District Attorney Stacy Parks Miller is not done with her legal war against Centre County yet.
The DA filed suit against the county, the commissioners, administrator Tim Boyde, solicitor Louis Glantz, Judge Pamela Ruest, a former paralegal and a handful of defense attorneys last year after allegations were raised that she forged Ruest’s signature on a document as part of an investigation into death threats against Parks Miller’s assistant district attorney.
The majority of those charges were dismissed last month when a federal judge found fault with many of the claims, calling the assertions “inartful” and “vitriolic.”
But in one area, U.S. Judge Matthew Brann left the door open, saying Parks Miller could file an amended complaint on her Fourth Amendment claims against the county, Commissioner Steve Dershem, former commissioner Chris Exarchos, Glantz and Boyde.
She did that Wednesday.
In the new filing, Parks Miller’s attorney and Pennsylvania Solicitor General Bruce Castor renews the claims against the parties, saying they “each used political and financial pressure” in having a search warrant executed on the DA’s office in January 2015, suggesting coercion of the Bellefonte police.
“Instead of doing their jobs, the defendants were engaged in playing ‘police commissioners’ seeking personal and political retribution against the plaintiff if elected by the public and doing that job,” Castor wrote.
The defendants were engaged in playing ‘police commissioners.’
Stacy Parks Miller’s second amended complaint
He claimed members of the press were “tipped off” about the nighttime warrant service at the courthouse “in an effort to publicly humiliate her and ruin her reputation by violating her Fourth Amendment right to be free from unreasonable searches and seizures.”
“Plaintiff believes and therefore avers that the defendants were willing to pay Bellefonte Borough to go along with their scheme,” Castor wrote.
According to the court documents, Boyde offered the borough a financial incentive to participate in the investigation.
“She can say what she wants,” said Bellefonte Mayor Tom Wilson.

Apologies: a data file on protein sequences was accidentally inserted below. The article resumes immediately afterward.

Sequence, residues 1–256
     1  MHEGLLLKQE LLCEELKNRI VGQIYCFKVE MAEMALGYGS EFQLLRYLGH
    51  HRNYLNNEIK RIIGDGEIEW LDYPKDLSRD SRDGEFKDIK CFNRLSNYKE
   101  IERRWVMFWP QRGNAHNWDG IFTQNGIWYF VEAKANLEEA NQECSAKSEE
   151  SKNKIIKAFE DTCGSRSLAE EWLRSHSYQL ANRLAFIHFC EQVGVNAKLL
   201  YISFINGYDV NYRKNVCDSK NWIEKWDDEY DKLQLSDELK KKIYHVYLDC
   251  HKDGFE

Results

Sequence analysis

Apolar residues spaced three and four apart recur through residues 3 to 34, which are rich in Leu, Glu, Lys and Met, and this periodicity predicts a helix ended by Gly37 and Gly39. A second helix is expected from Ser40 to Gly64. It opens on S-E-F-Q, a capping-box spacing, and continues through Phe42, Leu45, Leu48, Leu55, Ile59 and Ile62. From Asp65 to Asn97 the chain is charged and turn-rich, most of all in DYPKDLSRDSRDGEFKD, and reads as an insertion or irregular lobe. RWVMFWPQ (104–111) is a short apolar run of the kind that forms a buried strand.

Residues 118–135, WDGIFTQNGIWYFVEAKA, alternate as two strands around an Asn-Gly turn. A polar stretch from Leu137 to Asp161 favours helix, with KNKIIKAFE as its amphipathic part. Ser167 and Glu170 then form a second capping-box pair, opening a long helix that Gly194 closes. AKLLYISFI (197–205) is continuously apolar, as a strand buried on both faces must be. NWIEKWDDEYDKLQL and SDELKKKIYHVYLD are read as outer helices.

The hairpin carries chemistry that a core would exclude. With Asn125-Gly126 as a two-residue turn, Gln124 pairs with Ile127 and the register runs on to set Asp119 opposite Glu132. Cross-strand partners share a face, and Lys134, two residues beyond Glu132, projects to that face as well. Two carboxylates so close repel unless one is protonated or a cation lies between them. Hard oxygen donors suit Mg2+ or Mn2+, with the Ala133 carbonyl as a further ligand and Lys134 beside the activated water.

She can say what she wants. The commissioners received a complaint.
Bellefonte Mayor Tom Wilson
“The commissioners received a complaint. They probably would have been negligent not to act on it. They wanted it to be investigated and because it is in the jurisdiction of Bellefonte, that’s what happened,” he said.
Parks Miller’s filing, however, says otherwise. Castor points to the report from the investigating grand jury that heard the case after Parks Miller referred the allegations to the Office of Attorney General.
According to those findings, the Bellefonte police initially felt the matter would be best handled by the state police, but they did bring the case back up after a meeting with commissioners. The grand jury report says that decision was made “on a belief that three weeks had elapsed and no state police action had been taken and as such an immediate investigation was warranted.”
But Castor’s argument is that the commissioners did know that Parks Miller had turned the case over to the OAG. However, he quoted media comments from Dershem that questioned the OAG’s impartiality “given the district attorney’s relationship” with Attorney General Kathleen Kane.
Castor, who is also a special assistant district attorney in Centre County, was appointed solicitor general to Kathleen Kane in March. According to recent comments to the CDT, he now serves as chief legal decision-maker for the office since Kane lost her law license last year. He is also serving as OAG spokesman on major issues since the departure of press secretary Chuck Ardo last week.
The core of Parks Miller’s complaint is that there was no reason to seek the search warrant, as there was no criminal intent in her actions, even if there had been a forgery. The grand jury found no grounds to pursue criminal charges in that allegation after two handwriting experts expressed opinions that Ruest’s signature was genuine.
But that decision came months after the warrant was served.
District Attonrey Parks Miller’s aggressive ‘tough on crime’ policy led to great popularity among the public she helped protect, resulting in her overwhelming re-election in 2013.
Stacy Parks Miller’s second amended petition
The other point was the ongoing animosity between the Republican commissioners and the Democratic DA. Castor noted an investigation of Exarchos’ son in connection with a homicide, professional jealousy over Parks Miller’s “great popularity among the public,” and policy differences over issues like sentencing and work release.
Mary Lou Maierhofer represents all of the remaining defendants.
She said Thursday that she is reviewing the complaint but anticipates filing a motion to dismiss in the near future.